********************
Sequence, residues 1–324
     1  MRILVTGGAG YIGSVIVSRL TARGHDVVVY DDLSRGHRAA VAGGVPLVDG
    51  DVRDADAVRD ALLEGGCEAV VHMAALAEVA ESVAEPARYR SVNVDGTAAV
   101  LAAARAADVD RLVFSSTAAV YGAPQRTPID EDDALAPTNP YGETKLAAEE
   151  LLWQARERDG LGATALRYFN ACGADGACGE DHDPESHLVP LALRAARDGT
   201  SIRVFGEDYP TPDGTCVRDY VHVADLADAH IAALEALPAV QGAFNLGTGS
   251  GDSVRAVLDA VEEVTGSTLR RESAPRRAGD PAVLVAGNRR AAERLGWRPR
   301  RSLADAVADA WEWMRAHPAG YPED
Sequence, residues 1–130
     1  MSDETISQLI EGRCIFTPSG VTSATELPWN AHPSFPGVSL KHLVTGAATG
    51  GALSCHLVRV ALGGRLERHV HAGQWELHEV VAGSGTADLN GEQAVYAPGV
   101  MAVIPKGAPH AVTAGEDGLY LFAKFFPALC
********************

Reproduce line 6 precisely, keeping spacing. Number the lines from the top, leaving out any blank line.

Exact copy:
   201  SIRVFGEDYP TPDGTCVRDY VHVADLADAH IAALEALPAV QGAFNLGTGS